Biologists from Washington University in St. Louis collaborated with a large number of butterfly and plant specialists to reconstruct the origin and global spread of butterflies.
Working with researchers from dozens of countries, Michael Landis and Mariana P. Braga in Arts & Sciences helped create the world’s largest butterfly tree of life, assembled with DNA from more than 2,000 species representing all butterfly families.
Using this framework as a guide, the researchers traced the movements and feeding habits of butterflies through time in a four-dimensional puzzle that led back to North and Central America. According to their results, published May 15 in the journal Nature Ecology and Evolution, this is where the first butterflies took flight. The study was led by Akito Kawahara, curator of lepidoptera at the Florida Museum of Natural History.
As part of the research team, the Washington University scientists were particularly focused on finding the best way to estimate which host plants were devoured by the first butterfly caterpillars and their descendants.
“The study is fundamentally at a global scale,” said Landis, assistant professor of biology. “Butterflies occur almost everywhere across the continents, but it was still unclear when and where major butterfly genera first originated, when and how they dispersed among landmasses and when they first gained the ability to munch on different groups of host plants as larval caterpillars.”
There are some 19,000 butterfly species. Piecing together the 100 million-year history of this group of insects required information about their modern distributions and associated host plants. Prior to this study, there was no single resource that researchers could query to access that type of data.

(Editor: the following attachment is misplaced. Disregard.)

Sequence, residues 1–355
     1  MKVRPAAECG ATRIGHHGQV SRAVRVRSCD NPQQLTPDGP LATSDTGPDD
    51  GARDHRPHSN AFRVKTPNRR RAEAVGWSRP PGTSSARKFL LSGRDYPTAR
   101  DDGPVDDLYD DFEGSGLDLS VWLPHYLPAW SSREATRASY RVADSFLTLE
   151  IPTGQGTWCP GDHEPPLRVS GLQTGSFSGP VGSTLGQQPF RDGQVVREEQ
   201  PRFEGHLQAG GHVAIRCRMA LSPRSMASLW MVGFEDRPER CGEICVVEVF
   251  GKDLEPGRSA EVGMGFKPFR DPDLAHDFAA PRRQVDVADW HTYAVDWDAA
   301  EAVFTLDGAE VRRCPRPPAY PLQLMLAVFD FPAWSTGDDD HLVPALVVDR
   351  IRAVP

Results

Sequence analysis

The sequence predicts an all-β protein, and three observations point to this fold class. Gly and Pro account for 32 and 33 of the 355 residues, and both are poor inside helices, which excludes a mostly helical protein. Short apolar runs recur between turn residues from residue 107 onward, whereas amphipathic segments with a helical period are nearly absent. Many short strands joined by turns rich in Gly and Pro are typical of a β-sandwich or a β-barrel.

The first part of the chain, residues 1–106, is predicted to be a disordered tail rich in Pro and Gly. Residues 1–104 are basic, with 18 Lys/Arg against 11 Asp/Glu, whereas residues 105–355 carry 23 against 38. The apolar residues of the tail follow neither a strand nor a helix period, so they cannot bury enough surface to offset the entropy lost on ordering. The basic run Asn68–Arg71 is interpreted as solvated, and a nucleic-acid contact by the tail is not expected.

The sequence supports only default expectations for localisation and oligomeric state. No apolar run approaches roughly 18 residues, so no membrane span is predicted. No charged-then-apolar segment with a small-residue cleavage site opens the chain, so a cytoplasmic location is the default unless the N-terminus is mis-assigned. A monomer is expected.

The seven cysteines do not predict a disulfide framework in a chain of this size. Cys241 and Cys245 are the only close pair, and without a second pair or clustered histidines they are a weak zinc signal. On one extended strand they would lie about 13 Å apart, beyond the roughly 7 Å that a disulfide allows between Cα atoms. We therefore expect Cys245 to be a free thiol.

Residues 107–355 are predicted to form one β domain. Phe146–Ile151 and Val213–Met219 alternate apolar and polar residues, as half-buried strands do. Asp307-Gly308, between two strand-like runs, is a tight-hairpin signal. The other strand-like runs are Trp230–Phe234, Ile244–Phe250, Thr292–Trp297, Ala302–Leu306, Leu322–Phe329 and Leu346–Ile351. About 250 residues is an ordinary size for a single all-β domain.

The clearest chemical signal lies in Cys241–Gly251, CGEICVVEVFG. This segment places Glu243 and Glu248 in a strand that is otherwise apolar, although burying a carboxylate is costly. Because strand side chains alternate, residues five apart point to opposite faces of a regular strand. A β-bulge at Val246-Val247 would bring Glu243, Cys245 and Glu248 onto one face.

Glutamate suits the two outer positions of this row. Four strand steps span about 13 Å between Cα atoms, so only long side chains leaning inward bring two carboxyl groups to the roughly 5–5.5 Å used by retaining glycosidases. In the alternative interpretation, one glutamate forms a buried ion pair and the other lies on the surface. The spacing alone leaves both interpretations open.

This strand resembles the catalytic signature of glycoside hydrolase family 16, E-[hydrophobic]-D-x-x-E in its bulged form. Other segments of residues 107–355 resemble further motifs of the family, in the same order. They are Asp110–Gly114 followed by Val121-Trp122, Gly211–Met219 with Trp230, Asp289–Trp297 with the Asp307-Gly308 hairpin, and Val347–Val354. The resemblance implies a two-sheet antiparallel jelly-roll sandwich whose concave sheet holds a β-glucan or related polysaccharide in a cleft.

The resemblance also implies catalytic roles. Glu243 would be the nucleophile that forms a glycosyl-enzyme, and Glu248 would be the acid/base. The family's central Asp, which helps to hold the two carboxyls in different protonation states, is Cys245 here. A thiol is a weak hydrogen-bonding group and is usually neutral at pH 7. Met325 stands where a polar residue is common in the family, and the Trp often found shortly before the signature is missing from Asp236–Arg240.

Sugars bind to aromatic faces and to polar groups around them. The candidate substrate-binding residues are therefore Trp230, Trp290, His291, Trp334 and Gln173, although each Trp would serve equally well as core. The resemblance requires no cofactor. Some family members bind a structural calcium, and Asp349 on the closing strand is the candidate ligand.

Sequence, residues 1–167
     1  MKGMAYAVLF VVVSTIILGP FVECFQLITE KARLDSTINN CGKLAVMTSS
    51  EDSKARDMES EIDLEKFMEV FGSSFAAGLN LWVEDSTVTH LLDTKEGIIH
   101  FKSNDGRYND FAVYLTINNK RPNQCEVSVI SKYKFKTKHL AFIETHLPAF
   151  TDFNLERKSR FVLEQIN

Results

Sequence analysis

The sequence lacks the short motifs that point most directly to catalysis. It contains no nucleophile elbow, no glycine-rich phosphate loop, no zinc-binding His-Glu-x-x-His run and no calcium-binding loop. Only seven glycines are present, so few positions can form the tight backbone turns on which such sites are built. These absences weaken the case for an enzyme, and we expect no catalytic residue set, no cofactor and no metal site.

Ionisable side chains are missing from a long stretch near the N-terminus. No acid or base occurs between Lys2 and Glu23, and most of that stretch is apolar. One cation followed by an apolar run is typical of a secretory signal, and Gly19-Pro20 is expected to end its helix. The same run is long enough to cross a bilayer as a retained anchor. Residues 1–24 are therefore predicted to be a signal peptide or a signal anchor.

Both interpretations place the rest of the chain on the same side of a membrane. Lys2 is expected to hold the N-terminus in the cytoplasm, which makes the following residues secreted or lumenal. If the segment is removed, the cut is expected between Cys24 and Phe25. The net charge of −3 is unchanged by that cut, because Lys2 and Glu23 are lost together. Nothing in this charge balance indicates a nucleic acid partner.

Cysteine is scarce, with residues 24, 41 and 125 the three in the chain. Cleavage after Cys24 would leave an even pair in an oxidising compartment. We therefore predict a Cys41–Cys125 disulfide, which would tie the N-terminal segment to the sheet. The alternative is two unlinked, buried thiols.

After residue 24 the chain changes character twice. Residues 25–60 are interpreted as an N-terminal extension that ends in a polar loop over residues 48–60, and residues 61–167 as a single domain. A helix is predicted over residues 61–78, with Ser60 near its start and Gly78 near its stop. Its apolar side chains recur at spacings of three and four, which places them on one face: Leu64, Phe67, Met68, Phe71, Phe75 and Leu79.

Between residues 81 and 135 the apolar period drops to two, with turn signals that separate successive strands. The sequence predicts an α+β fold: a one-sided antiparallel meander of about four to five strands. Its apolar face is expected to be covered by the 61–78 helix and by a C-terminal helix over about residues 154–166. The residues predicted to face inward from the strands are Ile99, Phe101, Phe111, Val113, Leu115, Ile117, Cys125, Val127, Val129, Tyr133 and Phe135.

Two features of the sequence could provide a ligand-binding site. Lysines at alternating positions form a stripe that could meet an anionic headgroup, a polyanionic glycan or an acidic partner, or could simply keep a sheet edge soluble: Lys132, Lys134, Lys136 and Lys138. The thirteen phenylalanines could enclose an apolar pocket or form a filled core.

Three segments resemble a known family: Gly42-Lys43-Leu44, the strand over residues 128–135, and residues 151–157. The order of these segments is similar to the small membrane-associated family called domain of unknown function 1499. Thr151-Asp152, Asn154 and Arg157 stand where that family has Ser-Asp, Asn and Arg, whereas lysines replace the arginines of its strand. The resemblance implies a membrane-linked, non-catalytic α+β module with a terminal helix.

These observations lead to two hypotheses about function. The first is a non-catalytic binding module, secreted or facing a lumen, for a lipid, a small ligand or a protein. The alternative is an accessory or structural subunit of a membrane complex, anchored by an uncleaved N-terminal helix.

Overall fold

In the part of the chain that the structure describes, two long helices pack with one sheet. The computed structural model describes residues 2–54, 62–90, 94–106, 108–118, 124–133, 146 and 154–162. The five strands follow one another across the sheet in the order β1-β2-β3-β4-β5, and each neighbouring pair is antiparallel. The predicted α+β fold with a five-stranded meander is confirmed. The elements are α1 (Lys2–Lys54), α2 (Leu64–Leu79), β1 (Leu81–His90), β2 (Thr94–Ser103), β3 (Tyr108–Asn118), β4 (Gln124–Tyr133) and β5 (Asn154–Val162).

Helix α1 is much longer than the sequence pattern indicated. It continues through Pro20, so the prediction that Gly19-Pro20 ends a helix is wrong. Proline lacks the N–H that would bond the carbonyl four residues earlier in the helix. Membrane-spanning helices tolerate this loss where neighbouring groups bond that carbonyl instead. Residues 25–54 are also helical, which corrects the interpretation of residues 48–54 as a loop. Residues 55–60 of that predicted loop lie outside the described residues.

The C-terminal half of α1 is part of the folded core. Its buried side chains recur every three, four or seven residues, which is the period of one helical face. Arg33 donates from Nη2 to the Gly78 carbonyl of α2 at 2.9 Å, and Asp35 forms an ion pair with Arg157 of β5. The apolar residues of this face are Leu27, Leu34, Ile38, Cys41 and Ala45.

“The challenge was to deal with the large number of plants that are eaten by at least one of the many butterfly species included in this study,” said Braga, who worked in Landis’ lab at Washington University and now is a postdoctoral researcher at the Swedish University of Agricultural Sciences. “This number is much larger than what the latest methods are able to process in a reasonable amount of time.
“My solution was based on my previous work at WashU,” Braga said. “We published a study that shows that the interactions between butterflies and host plants often evolve as groups of interactions and not in isolation. Thus, it was reasonable to first identify these groups and then estimate how old each group was.
“That’s how we came to the result that the group containing bean plants is the most likely ancestral host of all butterflies,” she said.
This study includes a very large number of species. More importantly, it includes 92% of all butterfly genera, which means it paints a nearly complete picture of all butterfly lineages, the scientists noted.
“Seeing how ecological relationships among butterflies and plants ebbed and flowed as they co-evolved reminds us that ecosystems are always in flux,” Landis said.
Read more from the Florida Museum of Natural History.
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